Ross’ business sense serves him well. He spares no expenses with materials, but he doesn’t have to pay any consultants, PR people or business managers. His prototypes and samples are made locally in his studio. But the mass production is done in Portugal, China, Poland or Vietnam. He factors in international tariffs and cuts cost without affecting the quality. He is a new breed of fashion designer: his unexpected past allows him to create art without being hindered by the economy. In fact, his line is a result of our spiraling economy. He withdrew from the finance world when it began a downturn and entered into the Renaissance world of art, fashion and creativity.
His building has a 1920s Renaissance feeling to it. He’s surrounded by celebrities in the West Village, and it’s all wood floors, luscious carpeting and wide staircases. It’s the type of apartment where the sink defies the laws of physics and logic. But his workspace is a little different. Messy, bright, and beyond eclectic with clothes everywhere: it feels like the inside of Cody’s head. It’s surprisingly comfortable, but everywhere you look there’s something unexpected. It was there that we got to talking.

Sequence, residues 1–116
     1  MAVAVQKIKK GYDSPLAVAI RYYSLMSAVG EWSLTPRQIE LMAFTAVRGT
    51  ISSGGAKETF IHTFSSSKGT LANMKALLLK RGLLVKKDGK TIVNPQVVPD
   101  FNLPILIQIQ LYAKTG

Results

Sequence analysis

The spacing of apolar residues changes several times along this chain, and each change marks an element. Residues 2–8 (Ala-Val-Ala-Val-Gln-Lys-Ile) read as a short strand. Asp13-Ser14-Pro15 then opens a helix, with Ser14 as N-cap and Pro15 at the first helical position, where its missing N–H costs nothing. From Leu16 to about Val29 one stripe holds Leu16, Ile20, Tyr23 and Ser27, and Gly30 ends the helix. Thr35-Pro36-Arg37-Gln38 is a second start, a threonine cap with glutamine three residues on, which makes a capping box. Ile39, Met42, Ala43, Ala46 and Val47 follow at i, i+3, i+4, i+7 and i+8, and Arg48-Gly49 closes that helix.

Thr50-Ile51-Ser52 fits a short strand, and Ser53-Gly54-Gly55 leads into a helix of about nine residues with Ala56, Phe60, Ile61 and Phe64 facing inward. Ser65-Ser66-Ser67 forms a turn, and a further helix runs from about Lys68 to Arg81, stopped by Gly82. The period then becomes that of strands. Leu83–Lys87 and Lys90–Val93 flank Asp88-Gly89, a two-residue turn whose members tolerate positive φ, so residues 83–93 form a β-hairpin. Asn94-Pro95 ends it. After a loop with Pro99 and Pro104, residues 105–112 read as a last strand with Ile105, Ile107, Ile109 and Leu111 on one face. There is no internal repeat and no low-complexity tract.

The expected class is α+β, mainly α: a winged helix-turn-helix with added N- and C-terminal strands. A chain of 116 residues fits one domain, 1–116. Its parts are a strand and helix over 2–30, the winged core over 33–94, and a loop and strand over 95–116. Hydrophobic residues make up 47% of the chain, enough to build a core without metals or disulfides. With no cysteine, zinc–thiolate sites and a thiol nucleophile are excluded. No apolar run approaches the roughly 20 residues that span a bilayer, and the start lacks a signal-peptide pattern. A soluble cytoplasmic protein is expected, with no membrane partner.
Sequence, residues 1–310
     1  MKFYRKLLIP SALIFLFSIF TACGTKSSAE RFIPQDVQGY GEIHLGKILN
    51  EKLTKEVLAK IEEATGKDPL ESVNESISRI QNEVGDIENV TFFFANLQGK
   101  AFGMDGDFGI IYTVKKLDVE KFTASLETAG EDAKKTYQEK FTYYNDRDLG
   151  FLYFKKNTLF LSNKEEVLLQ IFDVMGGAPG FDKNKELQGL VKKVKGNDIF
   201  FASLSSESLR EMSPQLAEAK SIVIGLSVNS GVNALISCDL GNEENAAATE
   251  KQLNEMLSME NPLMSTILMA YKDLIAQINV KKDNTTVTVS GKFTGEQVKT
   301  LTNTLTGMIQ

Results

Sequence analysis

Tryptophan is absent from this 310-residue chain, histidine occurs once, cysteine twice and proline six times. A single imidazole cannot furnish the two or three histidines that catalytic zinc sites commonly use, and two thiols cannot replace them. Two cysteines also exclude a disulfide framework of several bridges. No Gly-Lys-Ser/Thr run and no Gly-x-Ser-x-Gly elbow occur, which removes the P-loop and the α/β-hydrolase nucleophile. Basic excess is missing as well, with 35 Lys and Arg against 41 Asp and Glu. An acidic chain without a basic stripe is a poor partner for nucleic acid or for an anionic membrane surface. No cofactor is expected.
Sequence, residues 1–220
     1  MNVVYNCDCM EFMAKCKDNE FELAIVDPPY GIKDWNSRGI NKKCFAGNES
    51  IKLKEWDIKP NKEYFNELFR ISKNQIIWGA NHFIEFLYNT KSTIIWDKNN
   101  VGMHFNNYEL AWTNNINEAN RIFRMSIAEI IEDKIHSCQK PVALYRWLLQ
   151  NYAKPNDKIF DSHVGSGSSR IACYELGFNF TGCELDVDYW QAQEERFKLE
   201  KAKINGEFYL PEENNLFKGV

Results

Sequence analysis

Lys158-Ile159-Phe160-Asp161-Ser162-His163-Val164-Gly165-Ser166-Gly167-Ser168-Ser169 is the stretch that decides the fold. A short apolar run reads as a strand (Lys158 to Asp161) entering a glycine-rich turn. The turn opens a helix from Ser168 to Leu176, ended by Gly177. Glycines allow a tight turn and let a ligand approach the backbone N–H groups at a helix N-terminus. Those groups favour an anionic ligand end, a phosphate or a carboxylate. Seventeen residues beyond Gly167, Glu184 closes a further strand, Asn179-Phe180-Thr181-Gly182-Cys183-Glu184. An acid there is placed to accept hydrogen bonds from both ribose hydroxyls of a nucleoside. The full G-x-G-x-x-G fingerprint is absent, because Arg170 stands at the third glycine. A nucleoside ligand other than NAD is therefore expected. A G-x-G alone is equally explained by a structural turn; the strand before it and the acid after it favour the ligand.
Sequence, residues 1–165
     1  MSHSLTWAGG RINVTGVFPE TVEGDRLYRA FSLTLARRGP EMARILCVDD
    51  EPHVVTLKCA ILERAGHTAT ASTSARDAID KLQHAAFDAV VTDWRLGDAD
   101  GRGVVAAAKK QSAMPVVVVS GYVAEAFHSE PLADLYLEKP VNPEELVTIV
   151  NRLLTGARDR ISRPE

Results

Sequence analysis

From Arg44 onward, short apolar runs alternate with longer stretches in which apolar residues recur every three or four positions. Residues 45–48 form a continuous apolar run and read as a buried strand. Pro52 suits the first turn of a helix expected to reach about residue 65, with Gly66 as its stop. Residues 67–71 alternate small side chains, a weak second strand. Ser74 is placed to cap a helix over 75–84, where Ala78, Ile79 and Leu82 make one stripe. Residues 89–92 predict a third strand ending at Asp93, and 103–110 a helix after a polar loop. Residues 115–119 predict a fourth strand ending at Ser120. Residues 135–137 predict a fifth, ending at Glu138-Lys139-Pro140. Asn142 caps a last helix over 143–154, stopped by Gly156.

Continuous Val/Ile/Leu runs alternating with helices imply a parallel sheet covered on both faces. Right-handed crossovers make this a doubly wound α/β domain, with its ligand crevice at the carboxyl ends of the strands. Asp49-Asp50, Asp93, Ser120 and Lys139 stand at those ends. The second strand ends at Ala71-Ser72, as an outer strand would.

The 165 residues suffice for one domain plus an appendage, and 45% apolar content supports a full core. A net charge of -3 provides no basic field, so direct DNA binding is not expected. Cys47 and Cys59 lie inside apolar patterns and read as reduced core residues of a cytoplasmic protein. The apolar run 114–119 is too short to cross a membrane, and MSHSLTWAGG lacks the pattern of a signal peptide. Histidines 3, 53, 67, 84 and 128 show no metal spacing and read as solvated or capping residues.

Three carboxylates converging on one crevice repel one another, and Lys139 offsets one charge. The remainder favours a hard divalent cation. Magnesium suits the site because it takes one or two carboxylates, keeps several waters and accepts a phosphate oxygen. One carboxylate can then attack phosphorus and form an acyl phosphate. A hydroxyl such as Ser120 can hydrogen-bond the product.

- SH: You were born in Dallas, but your clothes don’t have much of a Southern feel. Do you feel it affects your designs at all?
- CR: It’s true I’m not really bringing a whole lot of the Texas look to my designs, and I don’t have a Southern accent, but when I go back it’s suddenly “hey, y’all!” I adapt: I’ve lived in New York for a long time, and traveled extensively in Asia so that’s where I tend to draw from.
- SH: What is a trend or fashion basic in Asia that you want to catch on here?
- CR: I think access is so universal at this point; globalization has created a kind of equilibrium with fashion trends.
- Do you see what I mean when I say Cody Ross is not your average artsy-fartsy designer?